4. Hire an editor. Every writer needs an editor because everyone makes mistakes. It's true even if you're a literary genius. This is particularly true if you're going to go the indie publishing route. Hiring an editor will be money well worth spent, even if "hiring" means buying a trusted buddy beer to read through your work and highlight mistakes. You'll be surprised by just what a casual reader will find let alone a professional editor. Do yourself a favor. Hire an editor.

5. Don't aspire to be a writer. Be a writer. DO IT! Saying that you're an aspiring writer is like saying you're kind of an engineer or trying to be a good person or sort of a lawyer or almost a doctor. In other words, have faith in your ability to follow your inspiration and be a writer. If you write then you are a writer. No exceptions. A great teacher once said, after his tired student annoyingly said he would try, "No! Try not. Do... or do not. There is no try." Exactly Yoda. Exactly. So, when it is time to fill out your Twitter profile bio or your web site "About" page or your Facebook blah blah blah, then what do you call yourself? You are a writer. Period.

6. Learn to read criticism of your work objectively. This is a really tough writing tip to swallow. I'll admit, even to this day, it is difficult for me to read a bad review about my work and not get upset (Damn you, recent kinda-bad review from mumble-mumble-mumble! I'm shaking my disgruntled fists at you). Your creative work is just too personal to overlook reacting harshly to a negative review or what you see as unjust criticism. Unfortunately, you need to get used to it, not because you will get rejected all the time but because your work won't be everyone's cup of tea. You could submit your work to 50 literary agents and 49 might tell you no but you only need one to tell you yes. Sometimes, reading 49 rejection letters can be daunting but it will be worth it to get that one acceptance letter. If a reader criticizes your work, then try to use that as an opportunity to get answers to make your writing better. What did they not like about your work? Can you glean anything from their criticism that can be useful in a rewrite or edit? If you submit your self-published book to 10 critics and they ALL say it sucks, then it probably sucks. But if eight say it's great and two say it sucks, then I'd go with the eight. Obviously, the other two don't know what they are talking about (*evil grin*).

7. You're still a writer even if you're broke. Are you a writer because, like me, you have a compulsion to write and you are a creative person? Or does the sound of a $500,000 advance from a publisher ring true to your career objectives? These two things are very different. You are not declared a writer by inking a publishing deal with a New York publisher. You are a writer the minute you put pen to paper or your fingers to a keyboard or you "hit the typer," as Charles Bukowski used to say. You are a writer because that is who you are. It is a part of your personality. A publishing deal is not a seal of approval; it is a career possibility. Writers will write no matter how much money they have. Would I turn down a $500,000 check from a publisher? Ummm, no. Is money my motivation to write? Ummm, no. Understanding this about yourself is important. For example, if you got a great job with a huge salary then got laid-off six months later, then you are still YOU even without this once-great career opportunity.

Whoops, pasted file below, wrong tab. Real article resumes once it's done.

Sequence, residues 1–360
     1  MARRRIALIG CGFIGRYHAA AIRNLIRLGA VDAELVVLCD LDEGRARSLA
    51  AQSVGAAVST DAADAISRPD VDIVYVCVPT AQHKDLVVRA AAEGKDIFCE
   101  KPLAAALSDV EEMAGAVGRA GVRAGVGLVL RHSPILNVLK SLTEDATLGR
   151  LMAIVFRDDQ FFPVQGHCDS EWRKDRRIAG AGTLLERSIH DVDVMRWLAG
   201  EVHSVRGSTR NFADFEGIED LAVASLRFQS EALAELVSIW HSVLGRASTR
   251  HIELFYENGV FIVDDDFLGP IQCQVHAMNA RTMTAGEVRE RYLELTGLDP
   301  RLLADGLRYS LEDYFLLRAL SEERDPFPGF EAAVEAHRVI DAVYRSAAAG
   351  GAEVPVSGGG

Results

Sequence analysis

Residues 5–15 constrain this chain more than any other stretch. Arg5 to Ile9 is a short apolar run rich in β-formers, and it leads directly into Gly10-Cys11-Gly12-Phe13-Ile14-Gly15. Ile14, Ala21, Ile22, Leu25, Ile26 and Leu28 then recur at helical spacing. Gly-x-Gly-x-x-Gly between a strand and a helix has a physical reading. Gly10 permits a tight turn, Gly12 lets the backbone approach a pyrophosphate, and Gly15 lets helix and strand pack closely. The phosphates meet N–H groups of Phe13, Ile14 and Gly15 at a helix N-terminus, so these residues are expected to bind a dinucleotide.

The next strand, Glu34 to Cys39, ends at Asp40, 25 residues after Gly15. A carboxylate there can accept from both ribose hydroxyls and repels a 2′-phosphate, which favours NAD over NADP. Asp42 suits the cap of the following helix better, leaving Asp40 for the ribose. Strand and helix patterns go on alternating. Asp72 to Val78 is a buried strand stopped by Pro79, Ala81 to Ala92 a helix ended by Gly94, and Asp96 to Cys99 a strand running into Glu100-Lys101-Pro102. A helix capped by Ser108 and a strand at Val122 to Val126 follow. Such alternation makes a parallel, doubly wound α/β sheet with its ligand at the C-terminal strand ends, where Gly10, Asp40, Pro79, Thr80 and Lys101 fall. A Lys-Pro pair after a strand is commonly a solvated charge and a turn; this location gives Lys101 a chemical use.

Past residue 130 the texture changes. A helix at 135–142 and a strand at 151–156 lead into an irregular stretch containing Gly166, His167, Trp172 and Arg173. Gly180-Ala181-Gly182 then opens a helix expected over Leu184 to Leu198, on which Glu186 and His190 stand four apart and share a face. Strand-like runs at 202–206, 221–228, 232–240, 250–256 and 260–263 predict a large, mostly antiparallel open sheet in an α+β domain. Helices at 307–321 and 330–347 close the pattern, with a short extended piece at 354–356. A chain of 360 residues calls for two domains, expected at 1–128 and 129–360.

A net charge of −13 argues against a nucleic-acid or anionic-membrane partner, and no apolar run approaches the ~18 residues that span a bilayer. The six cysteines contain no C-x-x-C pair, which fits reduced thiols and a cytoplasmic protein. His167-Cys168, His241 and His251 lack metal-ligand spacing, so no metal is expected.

8. Put advice into your writing toolbox for later use. I read a great book by Stephen King this past spring called On Writing. I never cared for his novels much before reading this memoir (his novels were not my cup of tea) although I did like some of his short stories and his novellas but I LOVED this book. He gave some great insight into his writing process as well as some tips he wanted to share. The best thing I got from reading this book was not his tips but the idea that he knew he had a process at all and knowing that all writers have their own method to their madness. I found it very interesting that he forced himself to write a certain amount each day, whether he felt like it or not, to help reach his writing goals and he knew that he would edit the crappy parts later on. Interesting to me? Most definitely. Useful in my writing? Nope. That's just not my style. My writing comes from moments of inspiration, not allotted times of perspiration. I know I write best in the morning but if I'm writing and I feel it sucks, then I stop. I'd rather belt out 2,000 inspired words than force out 4,000 uninspired words. But I enjoyed reading about King's writing process and I could relate to his work ethic and desire to release his creative energy. His way is just different than my way, which leads me to my last tip...

9. Stubbornly ignore all writing advice and carry on. It's funny for me to say this in a blog post about "writing tips" but it's so true. In the end, you'll discover your own process and make it work for you. I love it when I read about bands I like or painters or writers I admire who basically say, when asked about some great work they did, that they had NO IDEA what they were doing at the time but they just did it; they pushed through and got it done. Inspiration ruled the day! Inspiration and determination will be the wind in your sails. In the long run though, you'll want to understand and nurture your own methods of your writing process that are productive and successful for you.

In my next post, I'll discuss my own writing process and how I approached writing my latest novel The Spectacular Simon Burchwood. I'll also compare and contrast this novel to how I wrote my last novel The Meteoric Rise of Simon Burchwood.

On Writing: Part Two. My Writing Process.